A union has taken the unusual step of asking the Federal Court to order the federal Minister of Labour to prosecute a company for alleged safety violations.
In 2010, the Canadian Union of Public Employees and two other unions, the Air Canada Pilots Association and the CAW, filed a complaint with Human Resources and Skills Development Canada, alleging that Air Canada was in violation of certain sections of Part II (Occupational Health and Safety) of the Canada Labour Code.
The alleged violations related to workplace violence concerns, including failing to co-operate with the health and safety policy committee and failing to choose an appropriate, impartial person to investigate workplace violence. The complaint asked that a Health and Safety Officer with HRSDC intervene. A Health and Safety Officer investigated and found no violation.
CUPE then applied to the court for an Order compelling an HRSDC Health and Safety Officer to issue a direction to Air Canada to end the alleged violations, and requiring the Minister of Labour to prosecute Air Canada, or to permit CUPE to prosecute Air Canada.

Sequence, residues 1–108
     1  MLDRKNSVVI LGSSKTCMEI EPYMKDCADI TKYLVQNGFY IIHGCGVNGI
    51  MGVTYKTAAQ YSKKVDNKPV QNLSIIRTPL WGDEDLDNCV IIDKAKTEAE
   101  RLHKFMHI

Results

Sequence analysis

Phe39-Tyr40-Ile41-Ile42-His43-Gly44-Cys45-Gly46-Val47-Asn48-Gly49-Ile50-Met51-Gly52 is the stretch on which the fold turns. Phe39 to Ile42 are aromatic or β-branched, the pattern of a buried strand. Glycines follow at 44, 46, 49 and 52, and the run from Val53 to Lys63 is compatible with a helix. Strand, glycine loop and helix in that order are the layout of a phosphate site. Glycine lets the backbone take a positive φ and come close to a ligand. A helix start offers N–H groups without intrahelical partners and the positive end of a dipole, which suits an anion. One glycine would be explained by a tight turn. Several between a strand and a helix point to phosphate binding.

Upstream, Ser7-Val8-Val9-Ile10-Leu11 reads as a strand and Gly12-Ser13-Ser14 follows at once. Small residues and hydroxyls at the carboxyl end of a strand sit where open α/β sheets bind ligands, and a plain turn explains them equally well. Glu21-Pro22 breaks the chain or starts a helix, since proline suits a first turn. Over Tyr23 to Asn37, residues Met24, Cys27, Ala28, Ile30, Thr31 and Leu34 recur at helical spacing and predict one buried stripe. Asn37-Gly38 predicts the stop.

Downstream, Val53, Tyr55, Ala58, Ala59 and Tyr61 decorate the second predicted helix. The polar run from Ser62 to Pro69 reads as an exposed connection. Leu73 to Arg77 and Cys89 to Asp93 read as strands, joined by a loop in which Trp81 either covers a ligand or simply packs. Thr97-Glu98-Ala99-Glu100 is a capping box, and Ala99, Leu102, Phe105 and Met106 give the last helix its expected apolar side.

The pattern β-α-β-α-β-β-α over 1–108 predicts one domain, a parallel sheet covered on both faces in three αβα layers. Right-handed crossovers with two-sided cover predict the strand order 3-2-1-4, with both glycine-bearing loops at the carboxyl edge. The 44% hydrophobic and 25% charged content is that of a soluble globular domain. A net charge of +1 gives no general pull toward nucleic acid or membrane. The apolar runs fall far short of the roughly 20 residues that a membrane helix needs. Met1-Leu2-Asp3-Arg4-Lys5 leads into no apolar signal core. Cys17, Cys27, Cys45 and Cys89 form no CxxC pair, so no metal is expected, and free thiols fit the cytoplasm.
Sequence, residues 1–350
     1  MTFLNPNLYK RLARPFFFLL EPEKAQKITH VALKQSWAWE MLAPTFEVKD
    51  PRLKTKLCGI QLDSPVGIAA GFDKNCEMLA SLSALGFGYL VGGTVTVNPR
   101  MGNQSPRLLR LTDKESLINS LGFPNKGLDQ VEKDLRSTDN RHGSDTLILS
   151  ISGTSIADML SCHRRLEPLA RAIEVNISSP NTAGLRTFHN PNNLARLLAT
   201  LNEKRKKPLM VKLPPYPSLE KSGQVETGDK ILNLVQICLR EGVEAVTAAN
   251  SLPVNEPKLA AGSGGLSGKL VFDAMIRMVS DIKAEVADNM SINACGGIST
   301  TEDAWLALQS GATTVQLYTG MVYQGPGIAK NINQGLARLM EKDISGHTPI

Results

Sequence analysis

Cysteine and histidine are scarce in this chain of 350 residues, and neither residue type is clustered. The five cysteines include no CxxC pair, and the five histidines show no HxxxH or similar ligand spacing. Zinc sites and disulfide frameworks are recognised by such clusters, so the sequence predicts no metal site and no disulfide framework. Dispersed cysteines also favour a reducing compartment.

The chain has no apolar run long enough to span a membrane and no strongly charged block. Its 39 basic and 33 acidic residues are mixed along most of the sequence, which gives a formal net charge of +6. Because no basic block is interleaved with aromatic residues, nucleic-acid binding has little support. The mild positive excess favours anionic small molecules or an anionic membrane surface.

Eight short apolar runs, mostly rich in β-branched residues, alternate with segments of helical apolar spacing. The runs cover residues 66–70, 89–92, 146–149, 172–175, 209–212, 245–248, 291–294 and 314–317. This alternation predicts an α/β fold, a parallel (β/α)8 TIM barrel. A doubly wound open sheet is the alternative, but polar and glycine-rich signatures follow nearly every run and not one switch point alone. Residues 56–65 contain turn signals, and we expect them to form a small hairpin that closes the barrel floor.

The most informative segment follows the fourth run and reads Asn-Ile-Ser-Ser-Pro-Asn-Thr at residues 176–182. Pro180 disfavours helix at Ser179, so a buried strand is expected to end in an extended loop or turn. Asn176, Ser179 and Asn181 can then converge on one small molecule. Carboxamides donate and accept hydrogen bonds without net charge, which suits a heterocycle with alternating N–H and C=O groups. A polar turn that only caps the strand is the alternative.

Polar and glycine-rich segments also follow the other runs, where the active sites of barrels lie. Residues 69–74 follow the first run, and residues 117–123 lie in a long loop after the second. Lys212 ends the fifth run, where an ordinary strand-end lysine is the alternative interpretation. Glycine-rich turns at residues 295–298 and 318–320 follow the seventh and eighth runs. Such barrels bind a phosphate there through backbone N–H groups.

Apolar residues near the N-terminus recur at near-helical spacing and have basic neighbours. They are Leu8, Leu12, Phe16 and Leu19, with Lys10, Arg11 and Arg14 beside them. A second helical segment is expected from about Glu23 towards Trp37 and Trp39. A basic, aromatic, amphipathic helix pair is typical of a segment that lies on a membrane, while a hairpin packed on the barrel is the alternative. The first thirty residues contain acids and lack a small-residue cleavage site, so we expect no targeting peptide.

Madam Justice Kane decided that generally speaking, courts will not determine whether a Health and Safety Officer should issue a safety direction or what the direction should be. She also stated that courts will not order the Minister of Labour to prosecute for an alleged violation of the Canada Labour Code. Lastly, she stated that courts will rarely interfere with the Minister’s discretion as to whether or not to lay charges.
This case is part of a trend of unions seeking safety charges against companies. As we have previously mentioned on this blog, the Ontario Federation of Labour has a campaign seeking more criminal prosecutions against companies and supervisors alleged to have committed serious safety breaches.
Cupe, Air Canada Component v. Canada (Minister of Labour), 2012 FC 1484 (CanLII)